Albeit the world economy is gradually turning its gaze upwards, the sluggish trend is likely to persist, with economic activity expected to post a modest 3.25 percent growth in 2013, according to Rabobank.
In 2012, weaknesses in the developed economies were at the heart of global economic woes. Thus, in 2013, the advanced economies are expected to depend on the emerging markets for garnering growth. However, the emerging markets are by no means invulnerable to the worsening economic condition in the former.
The growth in Emerging Asia slowed in 2012, largely because of fragile export demand. However, in 2013, despite lackluster demand from US and Euro bloc, Emerging Asia is expected to pick up mildly by 6.3 percent as it is generally lessening their trade dependence on the US and Europe.
Probing into the MENA and Africa backdrop, as a consequence of 2011 Arab spring, government spending for income support has increased which is an exception to the trend observed in the rest of the world.
Nevertheless, two years after the start of the Arab Spring, the economic growth in MENA remains gloomy particularly in non-oil exporting countries with rising social spending, as tourism and FDI remain depressed amid lingering political volatility. Oil-exporting economies, on the flip side, will benefit from relatively stable oil prices next year.
The outlook for Sub-Saharan Africa remains quite encouraging on the back of political stability, stable domestic demand and heightened exports.
Economic growth for Russia and the CIS region is projected not to improve notably in 2013 as these countries largely depend on commodity exports with the largest export markets being the US, China and larger euro zone countries, which all face difficult economic situations. However, an upside risk to this forecast is the realisation of economic reform plans.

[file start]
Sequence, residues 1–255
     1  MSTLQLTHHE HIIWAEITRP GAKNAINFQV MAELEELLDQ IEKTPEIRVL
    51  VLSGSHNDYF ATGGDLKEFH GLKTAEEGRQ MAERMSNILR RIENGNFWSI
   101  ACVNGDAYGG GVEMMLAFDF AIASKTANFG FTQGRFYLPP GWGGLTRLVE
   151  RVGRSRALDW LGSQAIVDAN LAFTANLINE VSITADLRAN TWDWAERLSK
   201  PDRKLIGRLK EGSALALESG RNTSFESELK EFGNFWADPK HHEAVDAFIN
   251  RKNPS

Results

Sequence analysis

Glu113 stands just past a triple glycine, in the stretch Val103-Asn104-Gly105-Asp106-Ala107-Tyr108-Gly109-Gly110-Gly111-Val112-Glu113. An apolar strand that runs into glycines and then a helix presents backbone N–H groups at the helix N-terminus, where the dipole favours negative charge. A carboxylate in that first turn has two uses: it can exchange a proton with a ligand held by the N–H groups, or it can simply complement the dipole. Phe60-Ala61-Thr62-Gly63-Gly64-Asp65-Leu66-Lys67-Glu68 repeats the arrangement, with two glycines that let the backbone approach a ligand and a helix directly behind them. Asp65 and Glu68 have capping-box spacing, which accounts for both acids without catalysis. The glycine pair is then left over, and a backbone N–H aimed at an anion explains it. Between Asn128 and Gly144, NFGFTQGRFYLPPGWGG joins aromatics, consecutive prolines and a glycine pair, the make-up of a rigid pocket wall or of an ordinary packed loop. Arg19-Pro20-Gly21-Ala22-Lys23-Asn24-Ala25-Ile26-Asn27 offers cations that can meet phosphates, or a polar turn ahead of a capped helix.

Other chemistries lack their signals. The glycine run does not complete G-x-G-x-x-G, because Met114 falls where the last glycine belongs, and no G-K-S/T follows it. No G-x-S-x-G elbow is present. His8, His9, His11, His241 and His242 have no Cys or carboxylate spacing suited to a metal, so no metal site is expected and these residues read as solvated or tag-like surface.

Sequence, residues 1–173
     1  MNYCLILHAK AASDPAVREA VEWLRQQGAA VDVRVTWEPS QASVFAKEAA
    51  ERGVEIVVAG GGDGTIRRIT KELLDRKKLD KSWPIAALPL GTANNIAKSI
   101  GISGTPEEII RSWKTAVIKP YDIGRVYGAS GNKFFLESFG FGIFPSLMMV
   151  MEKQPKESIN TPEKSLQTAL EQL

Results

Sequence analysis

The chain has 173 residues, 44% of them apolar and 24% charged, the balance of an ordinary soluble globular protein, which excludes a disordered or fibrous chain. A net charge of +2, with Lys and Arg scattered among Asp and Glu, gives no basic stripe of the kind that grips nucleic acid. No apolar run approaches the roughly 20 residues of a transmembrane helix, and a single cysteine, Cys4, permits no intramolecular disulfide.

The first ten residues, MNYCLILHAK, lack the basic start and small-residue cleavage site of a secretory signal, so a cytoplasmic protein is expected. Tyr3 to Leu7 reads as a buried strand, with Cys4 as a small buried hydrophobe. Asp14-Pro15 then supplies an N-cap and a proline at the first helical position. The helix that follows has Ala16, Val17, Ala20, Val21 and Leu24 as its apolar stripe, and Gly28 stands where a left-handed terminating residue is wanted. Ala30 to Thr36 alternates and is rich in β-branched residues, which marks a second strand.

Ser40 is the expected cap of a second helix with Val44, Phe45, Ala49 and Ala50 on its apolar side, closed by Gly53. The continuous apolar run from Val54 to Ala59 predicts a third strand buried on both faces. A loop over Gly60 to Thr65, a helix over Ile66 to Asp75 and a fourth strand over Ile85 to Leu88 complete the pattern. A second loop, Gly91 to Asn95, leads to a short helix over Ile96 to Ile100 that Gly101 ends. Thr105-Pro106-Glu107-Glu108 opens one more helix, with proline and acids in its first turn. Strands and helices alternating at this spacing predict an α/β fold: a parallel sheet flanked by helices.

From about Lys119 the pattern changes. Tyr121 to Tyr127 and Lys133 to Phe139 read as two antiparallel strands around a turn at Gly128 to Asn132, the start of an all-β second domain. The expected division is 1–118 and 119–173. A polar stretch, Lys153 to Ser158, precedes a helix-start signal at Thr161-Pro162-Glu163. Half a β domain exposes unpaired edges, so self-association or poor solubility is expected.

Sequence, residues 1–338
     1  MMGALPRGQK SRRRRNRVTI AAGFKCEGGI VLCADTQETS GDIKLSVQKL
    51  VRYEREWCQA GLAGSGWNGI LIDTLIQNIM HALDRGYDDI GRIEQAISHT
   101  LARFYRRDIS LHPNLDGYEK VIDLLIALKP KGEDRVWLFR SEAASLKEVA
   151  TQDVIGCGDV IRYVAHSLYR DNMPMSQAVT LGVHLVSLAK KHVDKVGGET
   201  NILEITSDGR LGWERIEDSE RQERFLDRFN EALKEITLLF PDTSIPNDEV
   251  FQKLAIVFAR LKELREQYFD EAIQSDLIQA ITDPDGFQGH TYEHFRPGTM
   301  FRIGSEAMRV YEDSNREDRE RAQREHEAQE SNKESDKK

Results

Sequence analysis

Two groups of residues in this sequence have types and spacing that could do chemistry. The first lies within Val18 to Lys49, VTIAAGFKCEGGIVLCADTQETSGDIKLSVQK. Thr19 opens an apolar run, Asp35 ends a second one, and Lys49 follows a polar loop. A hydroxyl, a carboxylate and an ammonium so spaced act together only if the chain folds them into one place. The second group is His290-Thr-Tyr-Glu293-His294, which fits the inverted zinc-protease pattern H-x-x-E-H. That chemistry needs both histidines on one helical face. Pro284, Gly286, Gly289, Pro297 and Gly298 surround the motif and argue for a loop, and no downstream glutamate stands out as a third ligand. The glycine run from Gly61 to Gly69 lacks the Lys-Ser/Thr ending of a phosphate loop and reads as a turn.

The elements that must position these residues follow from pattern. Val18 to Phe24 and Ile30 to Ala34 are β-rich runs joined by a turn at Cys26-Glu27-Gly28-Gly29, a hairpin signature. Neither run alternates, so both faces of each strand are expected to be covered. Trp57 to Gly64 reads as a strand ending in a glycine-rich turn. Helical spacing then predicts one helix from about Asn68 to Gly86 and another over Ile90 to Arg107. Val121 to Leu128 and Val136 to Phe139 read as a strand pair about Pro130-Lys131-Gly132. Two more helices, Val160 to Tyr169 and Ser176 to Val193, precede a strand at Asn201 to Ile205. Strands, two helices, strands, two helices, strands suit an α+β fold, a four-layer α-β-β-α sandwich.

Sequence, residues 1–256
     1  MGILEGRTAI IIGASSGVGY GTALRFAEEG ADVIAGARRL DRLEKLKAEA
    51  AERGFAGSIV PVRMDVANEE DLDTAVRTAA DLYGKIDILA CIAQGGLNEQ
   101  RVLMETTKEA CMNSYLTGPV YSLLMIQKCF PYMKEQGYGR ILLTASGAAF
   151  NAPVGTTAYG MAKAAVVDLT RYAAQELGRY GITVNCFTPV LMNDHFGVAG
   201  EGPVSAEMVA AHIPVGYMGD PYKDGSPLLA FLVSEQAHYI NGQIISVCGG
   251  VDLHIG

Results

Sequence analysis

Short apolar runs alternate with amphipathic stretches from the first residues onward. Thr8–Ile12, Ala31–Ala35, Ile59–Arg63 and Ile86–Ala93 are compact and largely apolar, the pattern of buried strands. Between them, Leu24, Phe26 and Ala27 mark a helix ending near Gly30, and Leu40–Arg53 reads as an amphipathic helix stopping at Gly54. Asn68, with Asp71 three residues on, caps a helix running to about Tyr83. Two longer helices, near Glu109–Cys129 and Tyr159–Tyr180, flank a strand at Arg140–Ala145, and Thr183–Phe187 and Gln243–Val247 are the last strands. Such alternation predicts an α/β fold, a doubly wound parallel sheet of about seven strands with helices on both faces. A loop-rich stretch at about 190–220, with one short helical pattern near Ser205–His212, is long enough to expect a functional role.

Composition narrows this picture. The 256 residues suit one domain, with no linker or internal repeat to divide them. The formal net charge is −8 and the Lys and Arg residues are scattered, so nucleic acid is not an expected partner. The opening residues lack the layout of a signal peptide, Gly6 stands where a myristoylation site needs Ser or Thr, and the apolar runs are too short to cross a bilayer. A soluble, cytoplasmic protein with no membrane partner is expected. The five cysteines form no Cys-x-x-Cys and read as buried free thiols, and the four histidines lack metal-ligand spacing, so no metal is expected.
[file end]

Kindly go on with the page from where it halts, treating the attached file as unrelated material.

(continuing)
The huge economy of US experienced the worst unemployment rates in 2012 amid fiscal uncertainties holding up business investments. In 2013, the risk emanating from fiscal cliff and spillover effects of a further intensification of the euro area crisis would trigger a drop in GDP growth to two percent.
Europe, though has not entirely recovered from the economic slump, however it showed some tentative positive signs since mid 2012, as the European economies realized that the formation of a fiscal union is inevitable. Moreover, ECBs announcement to aid the peripheral economies via outright monetary transactions also proved to be a boon for the economy.
To the readers surprise, unlike the rest of the world, the least developed economies (Angola, Guinea, Ethiopia etc) are expected to strengthen significantly in 2013 with the growth rate of 5.7 percent, up from 3.7 percent in 2012. Most of the rebound is expected to come on the back of improvements in economic conditions in Yemen and Sudan, following contractions of both economies in the rise of political instability during 2010 and 2011.
In the face of looming uncertainties and downside risks, current policy stances seem to fall well short of what is needed to prevent the global economy from slipping into another recession. Thus, more vigorous and concerted actions should be considered such as moving towards countercyclical fiscal policies, support job creation, boosting consumer, investor and business confidence etc.
Given the fact that growth is expected to come on the heels of developing world, sufficient resources should be made available to the developing countries to accelerate their progress towards the achievement of MDGs and for investments in sustainable growth.